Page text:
Whether your self-esteem is as strong as the pillar that holds my life (which of course is our Lord Jesus Christ) or not, you’ll feel bad.

Now, why serve someone the same bone you can’t munch?

If this reason doesn’t convince you to change your ways, let’s try others.

2. Fashion is Art

It’s about time you saw fashion as what it really is — art!

If a designer decides to put a flap from the torso to the hem of a dress, it’s their masterpiece. They know why they did so.

If a stylist decides to dress up their client in an all-blue attire like Ebuka donned to the eighth edition of AMVCA, appreciate them. It’s their style intuition at work backed up by the client’s personal style.

Appreciate their efforts. Appreciate fashion as an art. See every outfit as what it is —  a work of art.

You’re welcome to give your artistic criticism of looks. And that’s welcome if you’re a fashion critic who understands the true meaning of art criticism and evaluation. 

Any other thing is pure noise and content void of the basic understanding of fashion.

3. Fashion is an Expression

Fashion isn’t just a means to cover your nakedness. It’s an expression of who you are—your personal style.

It may seem crazy to you to see that girl in totally ripped jeans strutting the road with her sunglasses as though she’s on the runway. It may seem crazy but then, she’s expressing herself. And the last time I checked, we all, as bonafide citizens of our different countries, are entitled to the freedom of expression.

So, when someone decides to wear burnt orange with lilac. It may be too sharp or too dark for you. But that shouldn’t be your problem. 

It’s their outfit, their body, their clothes, their carriage, and their style. Besides, they feel confident and comfortable in it so why’s that a problem (Inserts IDK emoji)?

That brings us to the last reason…

5. We all Have Different Styles

Another thing outfit judges fail to understand before criticizing is that we all have different personal styles.

What works for you may be a turn-off for your neighbor. So, why judge them by your standards?

 It’s like someone somewhere saying Burna Boy’s style of dressing is terrible.

Wow! Burna has a terrible dress sense or it’s you who have refused to understand that people have different styles and Odogwu’s style is eccentric. It’s not terrible. It’s an eccentric fashion style that doesn’t sit well with you because you probably conform to the norm while he doesn’t.

We all have different fashion styles. While mine is statement chic, yours may be avant-garde, minimalist, eccentric, or even bohemian. And if I judge your outfit by my perception alone, that’ll be unfair to the essence of fashion itself.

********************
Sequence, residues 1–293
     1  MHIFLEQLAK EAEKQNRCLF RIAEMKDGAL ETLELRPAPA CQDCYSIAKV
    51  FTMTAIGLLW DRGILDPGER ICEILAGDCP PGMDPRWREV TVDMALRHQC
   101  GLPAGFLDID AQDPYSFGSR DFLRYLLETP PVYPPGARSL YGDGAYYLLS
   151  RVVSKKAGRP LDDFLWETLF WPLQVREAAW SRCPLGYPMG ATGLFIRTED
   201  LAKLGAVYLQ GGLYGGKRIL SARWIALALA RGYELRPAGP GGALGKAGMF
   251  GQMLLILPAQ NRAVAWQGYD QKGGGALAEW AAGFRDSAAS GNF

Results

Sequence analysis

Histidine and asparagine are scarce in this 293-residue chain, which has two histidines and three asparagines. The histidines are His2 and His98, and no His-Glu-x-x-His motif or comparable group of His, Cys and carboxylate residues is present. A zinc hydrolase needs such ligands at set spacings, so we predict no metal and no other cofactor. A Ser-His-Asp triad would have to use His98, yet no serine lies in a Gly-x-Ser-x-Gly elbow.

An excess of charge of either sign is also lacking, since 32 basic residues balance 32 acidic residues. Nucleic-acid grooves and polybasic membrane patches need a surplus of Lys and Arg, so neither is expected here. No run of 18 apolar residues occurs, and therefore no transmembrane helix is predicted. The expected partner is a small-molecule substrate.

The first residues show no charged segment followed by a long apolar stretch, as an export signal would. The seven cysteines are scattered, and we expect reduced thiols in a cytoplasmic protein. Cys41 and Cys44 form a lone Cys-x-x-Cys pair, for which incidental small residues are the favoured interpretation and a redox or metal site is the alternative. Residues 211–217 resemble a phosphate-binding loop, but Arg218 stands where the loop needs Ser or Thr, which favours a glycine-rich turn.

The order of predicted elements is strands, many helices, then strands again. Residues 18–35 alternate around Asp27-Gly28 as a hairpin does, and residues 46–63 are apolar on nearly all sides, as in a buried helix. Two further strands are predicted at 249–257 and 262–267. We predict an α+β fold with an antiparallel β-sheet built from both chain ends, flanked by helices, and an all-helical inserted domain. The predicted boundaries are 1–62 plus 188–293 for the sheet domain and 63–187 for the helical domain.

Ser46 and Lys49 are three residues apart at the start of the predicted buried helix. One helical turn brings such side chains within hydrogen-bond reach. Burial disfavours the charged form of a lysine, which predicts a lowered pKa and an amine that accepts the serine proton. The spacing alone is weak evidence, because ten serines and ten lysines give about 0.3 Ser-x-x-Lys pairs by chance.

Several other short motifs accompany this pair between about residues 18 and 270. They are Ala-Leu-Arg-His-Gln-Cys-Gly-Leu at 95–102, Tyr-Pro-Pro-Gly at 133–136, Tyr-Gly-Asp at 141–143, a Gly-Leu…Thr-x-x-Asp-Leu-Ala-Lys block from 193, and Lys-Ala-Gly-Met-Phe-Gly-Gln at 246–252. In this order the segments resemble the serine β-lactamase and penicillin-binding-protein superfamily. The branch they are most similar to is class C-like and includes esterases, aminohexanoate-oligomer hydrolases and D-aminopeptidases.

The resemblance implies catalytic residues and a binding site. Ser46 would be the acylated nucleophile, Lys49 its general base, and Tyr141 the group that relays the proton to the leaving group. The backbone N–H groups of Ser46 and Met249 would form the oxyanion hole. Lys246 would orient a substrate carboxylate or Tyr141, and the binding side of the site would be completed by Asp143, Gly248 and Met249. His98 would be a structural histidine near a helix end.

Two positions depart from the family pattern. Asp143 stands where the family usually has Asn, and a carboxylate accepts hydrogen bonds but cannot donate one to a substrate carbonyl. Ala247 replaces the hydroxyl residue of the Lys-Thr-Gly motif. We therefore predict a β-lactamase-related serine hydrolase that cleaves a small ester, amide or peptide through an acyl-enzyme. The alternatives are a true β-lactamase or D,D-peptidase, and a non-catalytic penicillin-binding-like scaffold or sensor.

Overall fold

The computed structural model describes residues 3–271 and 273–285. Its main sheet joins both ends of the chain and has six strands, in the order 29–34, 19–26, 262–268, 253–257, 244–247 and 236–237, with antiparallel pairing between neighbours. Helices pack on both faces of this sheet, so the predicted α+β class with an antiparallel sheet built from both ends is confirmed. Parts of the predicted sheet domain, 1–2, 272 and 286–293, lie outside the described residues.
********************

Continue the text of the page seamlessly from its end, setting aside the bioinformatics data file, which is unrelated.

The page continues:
The Prerequisite for Judging Outfits

Wathoni wearing long dinner dress with halo at the AMVCA

I know I’m not in the right place to tell you what to do. Who am I to even think I can do that?

But as a Fashion Designer and Blogger myself, here’s me giving you the go-ahead to judge as many outfits as you like. But before you do so, here’s a prerequisite for that:

If you wanna judge outfits, judge based on the theme of the event.

Yes. Judging based on the theme gives you adequate background to lay your criticism. And in this case, it’ll no longer be a subjective opinion. So long as you understand the theme and everything it entails, you’ll determine if a particular designer or stylist hit or missed your favorite celebrity’s look.

It’s like marking exam scripts with a marking guide. You grab?

Vogue did that for the recent MET Gala.

They gave readers a chance to vote for outfits that hit or miss the year’s theme.

I know you may not agree with me. And yeah, that’s why we all have differing opinions in the first place. But before I shut down my PC, I’ll leave you with these words I shared a year ago on social media before I wrote this article:

“I find it difficult to criticize what anyone wears. Even if they wore it to a red carpet and stirred controversy, I hardly judge.

And this is for two reasons:

1.  Because I understand that different people have their own style unique to them.

2. Because I know fashion is more or less a cycle and ‘right’ sometimes could be relative. What is right today may be wrong tomorrow, you know.

Remember there was a time we never paired sneakers with suits. There was also a time when you couldn’t wear two prints at once.

Can we still say that today? Of course not.

So, when next someone — particularly a celebrity— wears orange shoes with a blue attire,

Or wears something else when they could have worn something better to you,

Calm down. Don’t criticize just yet.

Their stylist worked according to their personal style. If they have no stylist, then they themselves wore what suits their taste.

You don’t have to infuse your opinion into it.

Your criticism may be sensible to whoever cares to listen but the truth remains that you are probably spilling it so you can sound fashion-savvy.

I know my opinion may be wrong to you.

Of course, we should always call a spare a spade. If person wear nonsense, make we drag am. No need to coat words.

But if they can own the nonsense they are wearing and they own it well,

You shouldn’t have a problem with it.

Just see it as another angle of creativity.

After all, fashion is art.

Maybe they should have worn flat shoes instead of boot.

But does it really matter, Mr and Mrs fashion police?

That aside, this doesn’t mean you should wear rubbish with the excuse that you’re entitled to your personal style.

In fact, wear your rubbish. Just own it with some top-level self-confidence. And defend it at any level.

That’s the difference between you and those style influencers who wear stuff you deem weird with so much pride.

Thank you. ✌️”

Victoria on Twitter


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Victoria B. Willie

Writing has always been a part of me. From writing stories as a young child to studying Communication Arts in the university, it has always been more than a medium of expression to me.

And then one day, I found myself toeing the path of an entrepreneur and becoming a fashion enthusiast. This made me develop an interest in content marketing and copywriting which I've been chasing alongside my fashion career.

That aside, when I'm not sharing style articles, selling with stories, or sketching fashion-forward pieces for Ria Kosher, you'll find me telling wild stories that always come with a twist.